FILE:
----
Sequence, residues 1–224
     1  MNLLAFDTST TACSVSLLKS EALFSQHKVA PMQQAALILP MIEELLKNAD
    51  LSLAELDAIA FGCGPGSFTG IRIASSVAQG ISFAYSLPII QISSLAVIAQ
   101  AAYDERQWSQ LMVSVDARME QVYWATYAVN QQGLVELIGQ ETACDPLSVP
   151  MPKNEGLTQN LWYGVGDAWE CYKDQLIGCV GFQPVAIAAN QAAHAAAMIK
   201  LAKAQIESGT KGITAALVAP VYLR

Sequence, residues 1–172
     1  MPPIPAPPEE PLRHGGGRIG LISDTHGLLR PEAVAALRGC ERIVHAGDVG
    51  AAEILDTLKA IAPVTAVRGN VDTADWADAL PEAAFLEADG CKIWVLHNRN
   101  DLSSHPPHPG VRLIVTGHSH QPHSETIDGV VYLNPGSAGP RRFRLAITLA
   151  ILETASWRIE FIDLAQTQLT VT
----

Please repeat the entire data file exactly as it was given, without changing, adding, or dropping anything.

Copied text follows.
Sequence, residues 1–224
     1  MNLLAFDTST TACSVSLLKS EALFSQHKVA PMQQAALILP MIEELLKNAD
    51  LSLAELDAIA FGCGPGSFTG IRIASSVAQG ISFAYSLPII QISSLAVIAQ
   101  AAYDERQWSQ LMVSVDARME QVYWATYAVN QQGLVELIGQ ETACDPLSVP
   151  MPKNEGLTQN LWYGVGDAWE CYKDQLIGCV GFQPVAIAAN QAAHAAAMIK
   201  LAKAQIESGT KGITAALVAP VYLR

Sequence, residues 1–172
     1  MPPIPAPPEE PLRHGGGRIG LISDTHGLLR PEAVAALRGC ERIVHAGDVG
    51  AAEILDTLKA IAPVTAVRGN VDTADWADAL PEAAFLEADG CKIWVLHNRN
   101  DLSSHPPHPG VRLIVTGHSH QPHSETIDGV VYLNPGSAGP RRFRLAITLA
   151  ILETASWRIE FIDLAQTQLT VT